November 19, 2007


I will be traveling for the rest of the week and will have limited internet connections. So updates on Bangladesh cyclone will be almost non-existent.

[] The confirmed death toll from the cyclone reached 3,113 by Monday, while 3,322 are injured and 1,063 missing. Two C-130 aircraft of the U.S. Marine Corp arrived in Dhaka on Sunday night with medical supplies. The King of Saudi Arabia has announced a $100 million grant for the victims. Riyadh would also airlift 300 tonnes of food and relief materials.

Check the Daily Star's update on Monday. The statistics of the destruction of Sidr are horrifying:
The total number of affected families stands at 1.05 million, representing more than 4.08 million individuals.

Crops on 29,374 acres of land have been completely destroyed and on 8,55,525 acres have been damaged partially, according to the government assessment.

The number of completely destroyed houses stood at 300,511 yesterday and the number of partially damaged houses was 626,000. Besides, 384,000 trees have been damaged.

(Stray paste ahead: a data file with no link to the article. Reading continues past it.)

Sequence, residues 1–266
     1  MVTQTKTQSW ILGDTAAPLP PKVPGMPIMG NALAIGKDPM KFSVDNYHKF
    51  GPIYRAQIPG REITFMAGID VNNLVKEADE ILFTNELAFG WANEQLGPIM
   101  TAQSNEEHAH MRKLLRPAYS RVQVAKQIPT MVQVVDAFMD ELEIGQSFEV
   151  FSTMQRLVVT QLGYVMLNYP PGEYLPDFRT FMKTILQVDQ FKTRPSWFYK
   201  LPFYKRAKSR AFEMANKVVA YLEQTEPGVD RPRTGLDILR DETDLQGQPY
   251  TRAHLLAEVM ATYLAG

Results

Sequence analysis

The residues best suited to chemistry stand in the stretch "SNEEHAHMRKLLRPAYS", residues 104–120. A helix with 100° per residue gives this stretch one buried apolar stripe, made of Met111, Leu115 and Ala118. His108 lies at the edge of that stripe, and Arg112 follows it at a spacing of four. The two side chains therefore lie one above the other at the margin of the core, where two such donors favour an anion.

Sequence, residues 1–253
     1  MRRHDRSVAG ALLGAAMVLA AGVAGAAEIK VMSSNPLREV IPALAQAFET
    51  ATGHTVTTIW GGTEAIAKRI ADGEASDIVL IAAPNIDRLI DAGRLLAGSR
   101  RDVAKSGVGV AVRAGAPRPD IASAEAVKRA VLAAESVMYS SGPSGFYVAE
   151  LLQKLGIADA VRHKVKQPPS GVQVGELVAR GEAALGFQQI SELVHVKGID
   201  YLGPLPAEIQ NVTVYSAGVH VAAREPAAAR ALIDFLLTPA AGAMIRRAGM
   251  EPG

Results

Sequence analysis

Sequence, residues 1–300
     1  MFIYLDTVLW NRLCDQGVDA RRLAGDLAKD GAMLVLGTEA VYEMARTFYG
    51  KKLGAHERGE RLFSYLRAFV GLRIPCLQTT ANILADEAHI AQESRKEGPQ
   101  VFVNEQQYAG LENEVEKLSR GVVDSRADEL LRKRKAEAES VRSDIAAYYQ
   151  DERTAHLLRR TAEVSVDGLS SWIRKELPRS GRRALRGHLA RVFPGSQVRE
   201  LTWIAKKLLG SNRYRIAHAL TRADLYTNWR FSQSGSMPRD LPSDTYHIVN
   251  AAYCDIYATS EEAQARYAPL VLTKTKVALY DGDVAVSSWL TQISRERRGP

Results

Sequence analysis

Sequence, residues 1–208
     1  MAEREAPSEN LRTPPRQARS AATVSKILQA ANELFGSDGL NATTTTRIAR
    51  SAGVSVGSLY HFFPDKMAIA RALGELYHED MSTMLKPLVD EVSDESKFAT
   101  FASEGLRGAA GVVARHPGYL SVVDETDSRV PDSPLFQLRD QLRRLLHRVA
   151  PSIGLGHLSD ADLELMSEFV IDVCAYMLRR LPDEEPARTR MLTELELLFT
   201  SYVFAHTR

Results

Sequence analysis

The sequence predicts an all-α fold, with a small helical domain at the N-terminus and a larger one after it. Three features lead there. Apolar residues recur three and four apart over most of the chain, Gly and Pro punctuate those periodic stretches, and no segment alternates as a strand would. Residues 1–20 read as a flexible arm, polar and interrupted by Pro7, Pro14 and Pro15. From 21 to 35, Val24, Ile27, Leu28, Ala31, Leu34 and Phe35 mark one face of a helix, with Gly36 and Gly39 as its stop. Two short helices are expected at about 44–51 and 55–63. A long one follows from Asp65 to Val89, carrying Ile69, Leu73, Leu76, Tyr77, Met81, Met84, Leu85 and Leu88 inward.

Some 792 educational institutions have been completely destroyed and 4,393 were partly damaged. Embankments of about 57 kilometres (km) of length have been damaged, and 58km of road has been destroyed completely while 87,948km of road has been partly damaged.
The main challenge in helping the Bangladesh cyclone victims is to reach to the remotest of areas in Southern Bangladesh. There are hundreds of small floodplain sediment island or chars for which the government has no records. These people may not have been existed in any book to be included in the early warning efforts. Thats why the death toll is rising after 4 days.

This report will shed a light to the needs of these people:

So efforts should be made to dispatch the aids to these remote areas. Bangladesh has only a few civilian helicopters. The military and Air Force helicopters are being used in most of the relief works. I have not yet seen any country providing means of transport in the relief work.

Also read TIME magazine's "How Bangladesh survived the Cyclone"

Via Bangladesh from our view we see how the slum dwellers in capital Dhaka are coping with the damages that the category 3 cyclone brought them.

ACT NOW: How you can help Bangladesh cyclone victims.


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